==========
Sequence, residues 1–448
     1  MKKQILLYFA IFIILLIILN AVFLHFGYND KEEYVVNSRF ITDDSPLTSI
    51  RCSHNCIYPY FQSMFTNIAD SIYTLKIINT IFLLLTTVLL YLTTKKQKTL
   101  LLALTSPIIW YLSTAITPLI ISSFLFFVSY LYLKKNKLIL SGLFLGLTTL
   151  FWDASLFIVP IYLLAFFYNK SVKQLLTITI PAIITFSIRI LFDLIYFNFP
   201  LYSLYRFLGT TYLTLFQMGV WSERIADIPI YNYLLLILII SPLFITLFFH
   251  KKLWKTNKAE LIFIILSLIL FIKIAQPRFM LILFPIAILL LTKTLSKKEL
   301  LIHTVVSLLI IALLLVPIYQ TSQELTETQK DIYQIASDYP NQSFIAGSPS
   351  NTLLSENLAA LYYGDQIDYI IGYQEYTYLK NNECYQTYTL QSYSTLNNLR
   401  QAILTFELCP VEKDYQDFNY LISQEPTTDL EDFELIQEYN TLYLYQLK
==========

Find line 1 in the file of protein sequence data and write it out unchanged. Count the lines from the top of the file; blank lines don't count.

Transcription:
Sequence, residues 1–448